The Hidden Dangers Of Sitting

It is crucial to stretch the body as well as the mind.

The Hidden Dangers Of Sitting

Mary Grace Lindholm, Writer-East

These days, sitting is inevitable.

Being at home doing school work for hours is not doing high schoolers any favors for their health. The amount of schoolwork can’t be changed, but getting active can.

Although it seems like a small problem, sitting for too long has a huge, negative effect on one’s health. “When I sit for too long, I start to get really bored and unmotivated,” admits Charlotte Myers, a sophomore at Elkhart-East. She is not alone. In fact, all people are subject to the same ill effects. Why? The answer is simple: Humans are meant to be standing and moving. The heart and other body systems work more effectively if the person is active–that’s just how humans were created to be.

Conversely, remaining inactive for a long period of time can increase risk for heart disease, diabetes, weakened muscles, and myriad other physical problems. It’s not just outer effects, though. Being inactive can lead to anxiety and depression.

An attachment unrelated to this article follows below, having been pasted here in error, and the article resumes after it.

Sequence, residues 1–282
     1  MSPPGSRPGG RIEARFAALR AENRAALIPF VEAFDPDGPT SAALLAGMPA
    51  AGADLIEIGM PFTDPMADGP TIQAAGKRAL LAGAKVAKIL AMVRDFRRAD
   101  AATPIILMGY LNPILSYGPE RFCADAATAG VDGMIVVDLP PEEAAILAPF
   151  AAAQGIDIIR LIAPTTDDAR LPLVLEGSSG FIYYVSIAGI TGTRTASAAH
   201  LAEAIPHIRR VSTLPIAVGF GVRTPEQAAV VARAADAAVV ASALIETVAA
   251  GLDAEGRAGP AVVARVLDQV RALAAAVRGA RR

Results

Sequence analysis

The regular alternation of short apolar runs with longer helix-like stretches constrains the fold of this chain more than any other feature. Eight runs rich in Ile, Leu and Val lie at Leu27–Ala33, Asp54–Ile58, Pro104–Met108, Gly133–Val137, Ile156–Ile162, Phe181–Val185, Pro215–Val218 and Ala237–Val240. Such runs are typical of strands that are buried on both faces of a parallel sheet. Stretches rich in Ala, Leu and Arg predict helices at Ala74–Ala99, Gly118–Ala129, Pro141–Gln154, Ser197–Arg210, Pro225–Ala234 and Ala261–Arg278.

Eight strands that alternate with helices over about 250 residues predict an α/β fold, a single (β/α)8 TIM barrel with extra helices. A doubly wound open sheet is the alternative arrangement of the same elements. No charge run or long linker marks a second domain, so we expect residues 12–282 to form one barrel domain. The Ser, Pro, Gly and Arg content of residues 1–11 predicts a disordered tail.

Although this information is pretty negative sounding, there’s an easy fix. All a person has to do is take a break from sitting about every 30 minutes. And do what, one might ask? Whether it be walking around the house, stretching out, or just standing for a while, this simple action will make a world of difference for both mind and body.

So, in addition to stretching one’s mind during final exams, get up off that couch and stretch the body a bit, too!